[KS] Fwd: [CALL FOR PAPERS] Three||Eight: Korean Literature and the Division System Conference | Univ. of Michigan | Nov 22-23, 2019

Do-Hee Morsman dmorsman at umich.edu
Wed Jul 24 12:04:31 EDT 2019

Dear Moderators,
There was a typo from the template in the call I sent to the list earlier.
Would it be possible to post this corrected version below instead?

*Do-Hee Morsman*
Asia Centers Manager
Center for Japanese Studies, Center for South Asian Studies, Center for
Southeast Asian Studies, Lieberthal-Rogel Center for Chinese Studies, Nam
Center for Korean Studies
*pronouns: she/her/hers*

International Institute | University of Michigan
Suite 400 Weiser Hall | 500 Church St. | Ann Arbor,  MI  48109-1042
*p* 734.936.6791 *f *734.936.2948 *w* http://www.ii.umich.edu

---------- Forwarded message ---------
From: Nam Center for Korean Studies, University of Michigan <
three-eight at umich.edu>
Date: Wed, Jul 24, 2019 at 12:01 PM
Subject: [CALL FOR PAPERS] Three||Eight: Korean Literature and the Division
System Conference | Univ. of Michigan | Nov 22-23, 2019
To: <dmorsman at umich.edu>

Corrected Conference Date in Body of Message

9th Perspectives on Contemporary Korea Conference

*Three||Eight: Korean Literature and the Division System*
November 22-23, 2019 | University of Michigan
Weiser Hall, 10th Fl (500 Church St. Ann Arbor, MI)
Korean Literature Association will hold its annual workshop at the
University of Michigan on November 22-23, 2019. The workshop will be hosted
jointly by the Nam Center for Korean Studies as part of University of
Michigan’s *Perspectives on Contemporary Korea* conference series.

This year’s gathering focuses on the culture of division. The recent,
highly publicized crossings of the Thirty-Eighth Parallel by Kim Jong-un,
Moon Jae-in, and Donald Trump have dramatized the possible dissolution in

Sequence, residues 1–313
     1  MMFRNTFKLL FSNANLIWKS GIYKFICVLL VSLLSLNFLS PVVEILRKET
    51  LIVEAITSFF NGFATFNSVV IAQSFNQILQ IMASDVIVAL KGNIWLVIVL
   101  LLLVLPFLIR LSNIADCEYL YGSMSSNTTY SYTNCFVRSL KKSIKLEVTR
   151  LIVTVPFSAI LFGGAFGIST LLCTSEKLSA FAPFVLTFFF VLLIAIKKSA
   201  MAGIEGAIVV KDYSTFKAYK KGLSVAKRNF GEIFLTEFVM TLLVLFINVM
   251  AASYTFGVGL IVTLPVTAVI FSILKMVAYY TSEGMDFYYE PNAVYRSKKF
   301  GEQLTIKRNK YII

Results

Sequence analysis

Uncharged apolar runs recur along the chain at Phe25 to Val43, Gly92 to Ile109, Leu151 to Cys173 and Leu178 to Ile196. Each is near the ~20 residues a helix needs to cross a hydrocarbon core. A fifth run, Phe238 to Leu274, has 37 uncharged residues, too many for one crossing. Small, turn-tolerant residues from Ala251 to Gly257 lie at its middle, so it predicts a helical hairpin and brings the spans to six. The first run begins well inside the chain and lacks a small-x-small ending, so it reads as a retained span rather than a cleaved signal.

the foreseeable future of what South Korean critic Paik Nak-chung has
called the “division system”: the interdependence of seemingly hostile
actors borne of and sustained by the partition of the Korean peninsula. As
a defining feature of Northeast Asian geopolitics since the second half of
the twentieth century, the division system gave rise to extreme and violent
forms of physical, linguistic, and cultural territorializations even as it
conditioned diasporic Korean communities in Northeast Asia and authored
vectors of unexpected movement. Reflecting on the historical complexities
of the division system as it faces its potential demise, the conference
seeks to shed light on the varied literary and cultural experiences that
were mediated by the Korean language under the condition of division by
considering together the literatures of the two Koreas, as well as
Korean-language writings produced in Japan and Northeast China. How did the
division system shape literature in these regions? How did literature and
film challenge this system from within and across national boundaries? And
how might the concept and practice of Korean literature change in a
post-division era within a rapidly changing mediascape? Especially welcome
are papers that consider the study of Korean literature and film broadly or
approach specific authors and works in relation to the following list of

   - War, division, memory
   - Korean diaspora in Northeast Asia
   - Cross-border movements (including *w**ŏlbuk*, *w**ŏlnam*, *nappuk*,
   and *t’albuk*)
   - Censorship and canon-making in North and South Korea
   - Concepts of minor literature in Northeast Asia
   - Global cold war and notions of neutrality
   - Bilingualism and translation

One panel will be dedicated to the work of current PhD students. In
addition, a writers’ roundtable on literatures of partition that brings
Korea’s experience in dialogue with South Asian and Palestinian experiences
of partition is being planned.

Paper proposals of around 200 words should be submitted to
three-eight at umich.edu by August 25, 2019.

Participants will receive travel subsidy and lodging.

*This conference is made possible with the generous support of the
Literature Translation Institute of Korea, a U.S. Department of Education
Title VI NRC grant, the Korea Foundation, and the Nam Family Gift.*
<ncks.info at umich.edu>
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